Regarding my Fulbright experience, I am very grateful to Marie Mønsted and the other good folks at the Danish-American Fulbright Commission, in addition to all of my colleagues in the Center for American Studies at the University of Southern Denmark,who, by generously helping my transition to living and teaching in Denmark during the 2013–14 academic year, have made it possible to finish writing this book. Special thanks in this regard to Niels Bjerre-Poulson, Thomas Bjerre, Jørn Brondol, Charlotte Granly, Mette Kobbersmed Ringsmose, Marianne Kongerslev, Anne Mørk, David Nye, and Anders Rasmussen.
I am pleased to thank three key participants in the culture wars who helped me with this project. First, my former professor and current friend Martin Sherwin, who lent me three large boxes of ephemera he had collected during his involvement in the Enola Gay–Smithsonian controversy. Second, Gary Nash, who walked me through the events of the National History Standards controversy. And third, the late Sheldon Hackney, with whom I corresponded in 2009 about his chairmanship at the National Endowment for the Humanities.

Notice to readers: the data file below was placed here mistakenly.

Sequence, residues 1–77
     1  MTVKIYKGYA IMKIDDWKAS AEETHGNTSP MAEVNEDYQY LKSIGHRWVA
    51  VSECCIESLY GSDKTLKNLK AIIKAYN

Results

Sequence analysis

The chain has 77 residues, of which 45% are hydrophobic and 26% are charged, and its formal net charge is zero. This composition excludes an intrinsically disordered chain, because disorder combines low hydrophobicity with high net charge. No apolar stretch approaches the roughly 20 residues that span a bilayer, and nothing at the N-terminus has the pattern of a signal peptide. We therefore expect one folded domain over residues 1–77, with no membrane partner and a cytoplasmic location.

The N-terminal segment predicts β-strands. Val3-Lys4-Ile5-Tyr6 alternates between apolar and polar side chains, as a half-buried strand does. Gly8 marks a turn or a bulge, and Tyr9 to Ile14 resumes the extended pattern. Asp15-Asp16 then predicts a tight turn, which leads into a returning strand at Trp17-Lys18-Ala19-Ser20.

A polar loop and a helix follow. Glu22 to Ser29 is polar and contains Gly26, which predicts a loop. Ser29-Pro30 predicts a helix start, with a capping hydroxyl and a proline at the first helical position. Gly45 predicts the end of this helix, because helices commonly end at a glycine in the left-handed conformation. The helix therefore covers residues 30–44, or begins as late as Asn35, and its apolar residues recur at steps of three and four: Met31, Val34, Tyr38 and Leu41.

As always, I am grateful to have good friends who share my passion for history and ideas. In particular, I thank my graduate school comrades Christopher Hickman and Jason Roberts, who offered encouragement and periodically sent me sources related to the culture wars the past seven years. I am also lucky to be friends with resourceful scholars like Lisa Szefel, who has broadened my knowledge of gay and lesbian history, and David Weinfeld, who has informed my understanding of Jewish American history. My longtime friend Andres Martinez helped me grasp the importance of Chicano leaders like Corky Gonzales. And my old professor and friend Charles Angeletti started me down the path of this book and career by getting me hooked on reading Howard Zinn.
Although this is my second book, it is not far removed from my experience as a graduate student at George Washington University. Three amazing professors in particular sparked my intellectual obsessions, and thus implicitly helped shape this book: Donald Collins, Melani McAlister, and Andrew Zimmerman—thanks to you all.